Whenever we as a church go outside of ourselves in order to raise up the funds, we make a silent confession before the world. That confession is that the church is not giving enough of itself. It must rely on those on the outside.

Back in January, I had Ty Benbow on my show to talk about abortion. One thing he said was that if every church in America adopted just one child every season of the year, we could end any abortion debate. Just one. Of course, not every family can do that. There are plenty of poor families. There are some who can give more than they are.

This also includes not just money, but time and services. Do you realize that if you give of your time that you are freeing up money that could go to greater causes that we can’t directly intervene in? If you volunteer to do something at your church, that means there’s more that can go somewhere else.

I recently wrote a blog where I mentioned the giving of 10%. I’m not saying the New Testament teaches the tithe. I think it instead teaches that the Lord loves a cheerful giver. Just that should be something to make us think. God loves a cheerful giver. Don’t we all want to be the kind of person that God loves? Then we should consider being cheerful givers.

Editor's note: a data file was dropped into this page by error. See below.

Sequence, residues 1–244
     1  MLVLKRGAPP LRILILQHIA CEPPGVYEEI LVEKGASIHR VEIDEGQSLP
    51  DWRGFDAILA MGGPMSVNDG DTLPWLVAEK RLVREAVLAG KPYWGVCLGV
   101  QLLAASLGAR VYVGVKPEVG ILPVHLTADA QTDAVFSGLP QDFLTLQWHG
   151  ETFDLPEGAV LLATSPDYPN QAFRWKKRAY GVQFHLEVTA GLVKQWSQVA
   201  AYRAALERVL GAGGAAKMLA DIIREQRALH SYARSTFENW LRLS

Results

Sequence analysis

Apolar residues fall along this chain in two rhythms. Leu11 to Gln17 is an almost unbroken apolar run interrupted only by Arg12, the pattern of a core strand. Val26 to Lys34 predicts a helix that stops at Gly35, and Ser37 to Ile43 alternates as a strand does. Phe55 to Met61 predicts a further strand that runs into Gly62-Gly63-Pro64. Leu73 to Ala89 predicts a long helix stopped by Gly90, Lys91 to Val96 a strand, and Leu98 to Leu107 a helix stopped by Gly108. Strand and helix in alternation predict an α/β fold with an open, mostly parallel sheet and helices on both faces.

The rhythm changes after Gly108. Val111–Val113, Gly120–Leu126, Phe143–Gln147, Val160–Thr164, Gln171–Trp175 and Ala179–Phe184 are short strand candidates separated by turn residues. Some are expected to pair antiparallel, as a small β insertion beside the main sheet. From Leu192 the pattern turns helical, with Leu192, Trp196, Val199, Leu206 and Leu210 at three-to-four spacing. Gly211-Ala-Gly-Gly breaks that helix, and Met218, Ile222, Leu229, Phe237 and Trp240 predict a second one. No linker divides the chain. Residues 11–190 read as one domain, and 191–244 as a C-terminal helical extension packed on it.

Yet as someone said who commented, most pastors would be thrilled if their churches would give 10%. Many of them don’t. The poor of course I’m not really speaking about. Those who don’t have any money to give are not obligated to give, although the poor can give service in other ways. What I am contending for is that we can do something more.

Many of us will be tempted to think that a little bit can’t make much of a difference. By itself, one is absolutely right. Yet if everyone gives a little bit, a little bit can become a lot. If your local blood bank has a blood drive, it would be ridiculous and medically dangerous to think that you have to supply blood for everyone in need. It’s not ridiculous when you realize that when many people do that, then many can benefit.